Audi said Monday that the engine in question was built into 1.6-liter and 2-liter turbo diesel models in the A1, A3, A4, A6, TT, Q3 and Q5 ranges, news agency dpa reported. The company refused to comment on reports that three senior executives – Heinz-Jakob Neusser, head of brand development at VW, Ulrich Hackenberg, head of research and development at Audi, and Wolfgang Hatz, R&D chief at Porsche – had been suspended. It will have to fix programming it has said is in some 11 million cars worldwide, far more than the 482,000 originally identified by U.S. authorities. Governments in many of the bloc’s 28 members countries, he added, also showed little enthusiasm, particularly those with big auto industries, like Germany, France and Italy. “Let us be honest, the car industry is a major industry in Germany and has a lot of influence,” said Mr. A European environmental organization says it has found some new models of Mercedes, Volkswagens, BMWs and other new cars consume much more gasoline than lab tests claim.

Europe and the United States gauge the level of a vehicle’s pollutants in laboratory tests that are easily cheated on and generally show far lower levels of emissions than so-called Real Drive Emissions tests. The organization, Transport & Environment, said Monday it had found no proof the cars are equipped with the same sort of “defeat devices” installed on diesel-powered Volkswagens to enable them to cheat on emissions tests.

Kageson, the Swedish researcher, said the discrepancy between reality and laboratory test results was already so well known in the 1990s that he had expected quick steps in Europe to “make it much more difficult for manufacturers to beat the tests.” But nothing was done, at least not in Europe. “There was great unwillingness among politicians and in the European Commission and, of course, resistance from manufacturers, who were very content with the existing system,” Mr. This should worry us a little.” Vehicle products make up 17% of German industrial output, according to economists at Capital Economics, while the automotive industry accounts for almost 5% of overall economic output. Economists calculate that if industries with ties to vehicle manufacturing are included, as many as 15% of German jobs may be reliant on the industry in some way.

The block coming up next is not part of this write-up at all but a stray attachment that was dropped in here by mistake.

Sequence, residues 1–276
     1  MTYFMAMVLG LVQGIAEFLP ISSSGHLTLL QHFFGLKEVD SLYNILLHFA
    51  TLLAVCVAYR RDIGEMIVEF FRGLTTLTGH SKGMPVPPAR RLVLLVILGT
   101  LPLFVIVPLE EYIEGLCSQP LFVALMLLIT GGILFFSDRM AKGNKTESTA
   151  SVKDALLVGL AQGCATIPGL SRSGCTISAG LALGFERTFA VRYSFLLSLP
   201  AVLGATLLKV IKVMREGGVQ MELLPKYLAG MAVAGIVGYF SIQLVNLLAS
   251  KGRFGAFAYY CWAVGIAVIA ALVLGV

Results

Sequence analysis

Hans-Christoph Hirt, a director at the advisers Hermes EOS, which represents about 40 investors, intends to raise questions about the make-up of the board and call for changes to corporate culture. “The supervisory board’s choice of corporate insiders as CEO and chair-elect also raises some real doubts whether the key shareholders have recognised the need for fundamental reform and a real new beginning,” said Hirt. But the European Union has no equivalent of the E.P.A., only a jumble of 28 national regulators. “We are not an enforcement arm that looks into electronic devices,” a commission official said, speaking to journalists here on Friday on the condition of anonymity. Among the parties taking part in the discussions has been the European Automobile Manufacturers’ Association, the industry’s main lobbying group in Brussels.

Cuenot said, referring to the Volkswagen Group and other automakers in the Brussels lobbying association. “They are always coming up with proposals to slow everything down.” In June, a month after the working group produced a preliminary agreement on the technical parameters for real world tests, the manufacturers’ association suddenly demanded the inclusion of an entirely new concept — a “transfer function” that would smooth out extreme variations, adjusting pollution readings downward. The association has also pushed for great leeway in meeting mandatory emission levels once real driving tests begin — and presumably show that actual pollution levels are far higher than those detected in the laboratory. Eickhout, the Dutch politician, said that although all car companies might not have gone as far as Volkswagen to game the system, the industry had been united against the swift introduction of tougher testing. “I am only surprised that Volkswagen invested its innovation budget in cheating, not in making its engine better,” he said. “This shows that they thought they were untouchable.”